if you listen to the news, and i do, if you read the news, and i do, it is hard not feel this old globe is a raw wound right now, gashed with despair, pocked with pure evil.
i am haunted, especially, by a story i read of the atrocities that rained down on rohingya women and mothers and children. babies ripped from their mothers’ arms. babies tossed into infernos. worse and worse and worse. i can barely stand to spread the poison. (it’s here, from yesterday’s new york times, written by jeffrey gettleman, a kid from the town next door, who grew up to win the pulitzer prize for international reporting.)
i am haunted too by the ghostly images coming from northern california. charred silhouettes. hillsides exposed, stubbled with blackened bits of tree trunk and fence post, as if the unshaven cheek of a long-ago miner. sunsets occluded by smoky skies, skies dirty with soot — sometimes even a hundred miles away from unstoppable fires.
and all of this on top of las vegas’ carnage, and puerto rico and houston and the virgin islands and harvey and irma and jose and maria. no wonder we weep and our knees buckle under.
no wonder this week when my sweet boy awoke in the night burning with fever, my healing instincts, which must have been idling just off in the wings — coiled and ready to pounce — surged into action. pressing cool wet washcloths to his forehead, stirring oatmeal, pouring ginger ale over cracked ice, those were the balms i reached for. to heal him, to heal me, to try — somehow, by some far-flung mystical property — to infuse a drop of healing into this sorry sad world.
it’s what we do, it’s all we can do, when we’re feeling the gaping gasp of despair. when the troubles all around pile so high we can barely turn toward the light. some days, we’re certain the lights have been snuffed. flat-out extinguished.
maybe that’s why some of us are drawn into lives as healers, as nurses and doctors and teachers and mothers (to name but a few). maybe we’re all part of some infinite river of hope, the last wall of defense against a world that might otherwise crumble. a world that could go mad, break out in epidemics of hate.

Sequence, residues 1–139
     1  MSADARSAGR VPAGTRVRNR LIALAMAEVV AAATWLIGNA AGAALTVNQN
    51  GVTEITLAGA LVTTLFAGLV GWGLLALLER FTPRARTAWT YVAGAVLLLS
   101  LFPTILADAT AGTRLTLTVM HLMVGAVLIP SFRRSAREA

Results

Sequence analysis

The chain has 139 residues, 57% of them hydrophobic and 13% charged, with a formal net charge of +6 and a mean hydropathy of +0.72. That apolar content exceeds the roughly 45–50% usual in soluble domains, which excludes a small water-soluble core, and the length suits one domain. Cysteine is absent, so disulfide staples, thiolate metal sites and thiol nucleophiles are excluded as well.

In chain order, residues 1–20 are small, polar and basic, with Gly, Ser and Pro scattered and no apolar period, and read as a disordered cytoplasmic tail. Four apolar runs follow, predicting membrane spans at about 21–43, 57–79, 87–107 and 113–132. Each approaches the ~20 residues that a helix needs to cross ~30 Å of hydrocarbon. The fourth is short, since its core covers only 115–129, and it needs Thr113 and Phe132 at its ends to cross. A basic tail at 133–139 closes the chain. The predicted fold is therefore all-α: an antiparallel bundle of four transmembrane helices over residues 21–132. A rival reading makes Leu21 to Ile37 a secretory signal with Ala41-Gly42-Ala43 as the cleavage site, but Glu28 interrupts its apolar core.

i’m beginning to think i am typing some dystopian trope here. but you know i won’t leave you in the valley of darkness. what i’m looking for is the answer to what can we do? here, under this one dot of roof, surrounded by leafy environs, how in the world can measly old me make a difference? how hard can i pray? how kind must i be? what in the world might i do to begin to teeter the balance back toward the good?
they’re questions, sadly, for which i don’t have an answer. all i have is the deep down sense that the worse it gets, the harder i need to apply the forces of good, of light, of pure unfiltered blessing.
it’s what propelled me to consider the instinct that drove me to crank the flame under the tea kettle, to listen for the whistle, and gather up the mixing bowl, the utility towel, and the essential peppermint oil.
it was the healing-est move of the week: to concoct a steam tent, and fill it — literally — with healing vapors. to instruct my boy to breathe deep and then deeper. to purify, cleanse, and clear out the gunk.
over the course of the last few days, he’s taken a liking to this peppermint whirl, the one that gets him breathing again.
maybe we all need a steam tent. maybe we need to breathe deep. to inhale. to fill our lungs and our souls with tincture of hope. of healing.
i’m cranking the flame under the kettle.
how are you plying your healing? what are you doing to teeter the balance toward goodness, toward wholeness, toward hope?
and here’s our steam tent recipe, taught by our beloved german exchange student, who had a bad cold this summer: get a big mixing bowl. boil water. pour into bowl. add a few drops of peppermint essential oil (as many as you can tolerate, anywhere from two to three to seven or more). drape a big towel over your head. breathe deep. have box of tissue at the ready. feel better. so much better. xoxo